Mordecai Richler once said, “If I sat around waiting for inspiration, I’d never write a bloody word.” Too often writers believe that the muse has to be sitting on your shoulder before you can start typing. But here’s a secret. You can actually call the muses to you—if you know how to do it.
Here’s what I’ve found works best for me:
Set a Time – Unless you’re one of the self-motivated few who writes at every possible moment, setting a time and even a daily writing schedule is important. It doesn’t have to be rigorous or onerous. Say to yourself: “At 7 p.m. tomorrow evening, I’m going to write.” Then, when 7 p.m. tomorrow comes, go to write. It’s that simple.
Get Prepared – I get a cup of coffee and maybe a bite to eat. For you it might be a glass of wine. It might be your favourite stuffy that sits on your desk, or your Post-It Note on your monitor with words of inspiration. Preparation entails doing whatever it takes to get you balanced and in the mood to write.
Get into Your Physical Space – I have a home office because I work from home, so that’s my quiet space away from the world. For you it might be a corner desk or even a coffee shop. Don’t worry about what works best for other people: quiet vs. noisy, great view vs. blank walls, hardback chair vs. comfy couch. What’s important is finding the writing space that works for you.
You don't need a fancy office to write. Find a space that works for you.
Don’t Look Around for Your Muse – Muses are slippery creatures. The more you search for them and try to grab them, the more they’ll think you’re playing. They’ll hide behind lamps and get on your bookshelf, maybe even sneak into your printer (and you wondered why it starts to whir all of a sudden…). Ignore your muse, and it will more likely to try to get your attention.
Write – This is the hardest step for some people. Honestly, if you’re prone to writer’s block or anxiety over a blank page, it’s a step you’ll have to work out for yourself. What I can tell you though is:
Write whatever comes to your mind, whether it’s related to your topic or not.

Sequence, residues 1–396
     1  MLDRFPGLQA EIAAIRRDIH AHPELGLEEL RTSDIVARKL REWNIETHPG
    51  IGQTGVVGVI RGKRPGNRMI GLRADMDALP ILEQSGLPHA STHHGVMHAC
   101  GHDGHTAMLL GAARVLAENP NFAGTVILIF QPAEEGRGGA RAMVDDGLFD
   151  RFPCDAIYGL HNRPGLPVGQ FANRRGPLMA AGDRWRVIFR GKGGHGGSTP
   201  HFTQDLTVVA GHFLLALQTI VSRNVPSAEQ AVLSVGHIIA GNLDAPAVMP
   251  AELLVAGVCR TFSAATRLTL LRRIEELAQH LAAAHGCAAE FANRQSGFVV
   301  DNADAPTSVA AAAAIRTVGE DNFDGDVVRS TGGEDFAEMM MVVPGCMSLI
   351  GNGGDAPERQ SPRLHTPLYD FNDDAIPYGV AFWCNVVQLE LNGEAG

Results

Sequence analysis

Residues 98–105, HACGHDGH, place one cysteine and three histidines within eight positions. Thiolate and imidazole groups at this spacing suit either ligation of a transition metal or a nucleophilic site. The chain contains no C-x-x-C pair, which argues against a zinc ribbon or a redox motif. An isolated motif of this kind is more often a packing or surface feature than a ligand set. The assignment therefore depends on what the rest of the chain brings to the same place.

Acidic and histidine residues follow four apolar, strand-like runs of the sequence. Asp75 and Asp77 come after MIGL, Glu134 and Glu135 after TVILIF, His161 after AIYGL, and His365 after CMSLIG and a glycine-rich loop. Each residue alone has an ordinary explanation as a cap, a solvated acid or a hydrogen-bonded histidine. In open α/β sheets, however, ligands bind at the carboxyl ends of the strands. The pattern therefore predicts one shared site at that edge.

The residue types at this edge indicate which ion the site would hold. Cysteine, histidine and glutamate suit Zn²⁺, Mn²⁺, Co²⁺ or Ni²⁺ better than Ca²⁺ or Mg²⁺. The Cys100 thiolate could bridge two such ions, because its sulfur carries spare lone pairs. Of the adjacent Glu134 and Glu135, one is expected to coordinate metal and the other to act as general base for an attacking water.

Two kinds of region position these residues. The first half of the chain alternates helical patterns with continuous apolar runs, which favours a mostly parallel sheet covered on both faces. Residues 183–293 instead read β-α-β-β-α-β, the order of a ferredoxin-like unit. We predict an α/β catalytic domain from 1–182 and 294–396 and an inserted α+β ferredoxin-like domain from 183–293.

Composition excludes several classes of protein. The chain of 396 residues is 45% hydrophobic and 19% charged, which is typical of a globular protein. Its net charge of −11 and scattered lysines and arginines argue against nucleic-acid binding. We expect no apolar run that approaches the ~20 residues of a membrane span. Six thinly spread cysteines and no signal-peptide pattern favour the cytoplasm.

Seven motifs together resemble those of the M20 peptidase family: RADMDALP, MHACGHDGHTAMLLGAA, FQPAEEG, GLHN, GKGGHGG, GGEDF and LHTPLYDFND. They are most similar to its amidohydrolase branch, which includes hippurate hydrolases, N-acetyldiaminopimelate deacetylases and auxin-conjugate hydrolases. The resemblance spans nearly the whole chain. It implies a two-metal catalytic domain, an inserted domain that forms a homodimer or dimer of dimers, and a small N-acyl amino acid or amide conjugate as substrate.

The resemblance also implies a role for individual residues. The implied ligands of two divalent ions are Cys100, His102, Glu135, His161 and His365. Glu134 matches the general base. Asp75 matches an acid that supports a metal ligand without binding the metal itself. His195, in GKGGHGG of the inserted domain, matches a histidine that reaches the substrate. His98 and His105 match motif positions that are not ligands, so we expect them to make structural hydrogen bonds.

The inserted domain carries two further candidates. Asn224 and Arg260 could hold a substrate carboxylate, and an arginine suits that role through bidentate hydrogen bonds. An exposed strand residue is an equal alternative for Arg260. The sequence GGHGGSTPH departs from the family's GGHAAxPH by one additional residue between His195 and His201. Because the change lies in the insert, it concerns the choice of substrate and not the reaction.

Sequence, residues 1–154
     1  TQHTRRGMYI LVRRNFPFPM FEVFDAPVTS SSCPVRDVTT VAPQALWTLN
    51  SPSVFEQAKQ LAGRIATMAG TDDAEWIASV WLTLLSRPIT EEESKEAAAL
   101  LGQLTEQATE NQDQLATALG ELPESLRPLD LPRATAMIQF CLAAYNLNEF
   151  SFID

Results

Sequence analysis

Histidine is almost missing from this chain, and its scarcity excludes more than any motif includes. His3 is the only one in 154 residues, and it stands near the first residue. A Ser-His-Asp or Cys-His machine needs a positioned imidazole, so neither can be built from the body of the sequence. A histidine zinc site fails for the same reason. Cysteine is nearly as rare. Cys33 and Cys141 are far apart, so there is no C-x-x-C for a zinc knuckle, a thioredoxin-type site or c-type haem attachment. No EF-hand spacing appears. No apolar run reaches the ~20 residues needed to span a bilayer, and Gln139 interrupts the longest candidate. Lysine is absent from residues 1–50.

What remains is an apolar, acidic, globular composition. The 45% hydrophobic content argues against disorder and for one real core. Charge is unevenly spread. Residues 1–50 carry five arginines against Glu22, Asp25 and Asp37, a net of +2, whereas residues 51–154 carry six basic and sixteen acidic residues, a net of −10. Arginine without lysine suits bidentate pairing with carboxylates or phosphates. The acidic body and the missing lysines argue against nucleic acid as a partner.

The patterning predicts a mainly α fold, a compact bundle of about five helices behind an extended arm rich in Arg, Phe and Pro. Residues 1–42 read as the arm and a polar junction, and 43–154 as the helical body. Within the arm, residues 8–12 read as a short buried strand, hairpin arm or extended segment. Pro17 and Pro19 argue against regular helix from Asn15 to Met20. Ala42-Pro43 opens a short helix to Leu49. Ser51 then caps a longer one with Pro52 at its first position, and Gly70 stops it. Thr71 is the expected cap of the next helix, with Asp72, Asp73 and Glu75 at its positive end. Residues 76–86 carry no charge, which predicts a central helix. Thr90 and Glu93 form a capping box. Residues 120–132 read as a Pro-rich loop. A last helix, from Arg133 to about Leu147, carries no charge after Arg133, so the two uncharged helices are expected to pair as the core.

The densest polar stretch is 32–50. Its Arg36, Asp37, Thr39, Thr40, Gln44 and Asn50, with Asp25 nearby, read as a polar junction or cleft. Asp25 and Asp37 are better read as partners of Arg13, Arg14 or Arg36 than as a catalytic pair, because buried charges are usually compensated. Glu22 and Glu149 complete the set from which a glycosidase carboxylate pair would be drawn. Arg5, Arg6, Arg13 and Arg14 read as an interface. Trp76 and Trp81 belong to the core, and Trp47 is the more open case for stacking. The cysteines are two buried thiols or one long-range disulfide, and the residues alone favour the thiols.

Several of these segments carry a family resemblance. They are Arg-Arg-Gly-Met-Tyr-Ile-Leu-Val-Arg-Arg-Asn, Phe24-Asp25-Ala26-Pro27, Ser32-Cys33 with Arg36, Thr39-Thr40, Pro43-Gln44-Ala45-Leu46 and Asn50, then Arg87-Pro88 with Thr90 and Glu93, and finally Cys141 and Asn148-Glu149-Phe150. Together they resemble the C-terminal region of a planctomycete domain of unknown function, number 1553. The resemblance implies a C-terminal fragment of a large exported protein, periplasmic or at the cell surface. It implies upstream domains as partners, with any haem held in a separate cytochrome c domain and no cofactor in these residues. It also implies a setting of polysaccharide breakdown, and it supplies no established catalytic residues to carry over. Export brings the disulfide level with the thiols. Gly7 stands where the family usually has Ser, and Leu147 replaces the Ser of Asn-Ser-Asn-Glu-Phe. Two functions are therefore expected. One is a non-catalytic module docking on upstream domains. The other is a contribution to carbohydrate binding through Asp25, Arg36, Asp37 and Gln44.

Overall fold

Don’t worry about getting it right – you can revise later. In fact, most of what you write at this point will be chucked. It’s a way to help you find the path into the real writing.
Don’t give up. Writing is 1% inspiration and 99% perspiration. Do the work.
So, as you’re sitting there, pounding the keyboard, searching your mind for things to write, a curious thing happens. Your muse will peek out from that bookshelf. But you’ll be too busy to see it. Your muse will shout at you or wave its hands. Your muse might push your mouse even (or whir the printer). You won’t even notice.
Finally, it will give up trying to get your attention, sit on your shoulder, and start whispering in your ear. Even then, you won’t really have a conscious sense of it. But your fingers will. Your poetry or prose will start flowing from you to the page. Maybe in drips and drabs, maybe in a steady stream. Maybe it will be a torrent even. But it will flow.
Go on – try it right now! Your muse doesn’t want to hide in your bookshelf forever.
When you’re done, set your writing out into the world by entering it in the 19th Annual NOWW Writing Contest (Deadline: March 31, 2017). Find out more at:
Graham Strong is a full-time freelance marketing writer, journalist, and ghostwriter and has been a writer his entire life. Graham is a former Editor-in-Chief of Argus, the Student Newspaper of Lakehead University, and helped transition it into one of the first digitally produced newspapers in North America. Graham won an Honourable Mention in NOWW’s first writing contest in 1998 for his short story Hat Trick. Professionally, Graham provides marketing writing services to businesses and organizations around the world. He also writes for several news outlets including the Sudbury Mining Solutions Journal and the Northern Ontario Medical Journal, and has written for Canadian Press. In his spare time he is writing his first novel. Graham lives in Thunder Bay with local potter Noël Keag and their three incredible sons. His favourite writers are Paul Quarrington, F. Scott Fitzgerald, and Hunter S. Thompson.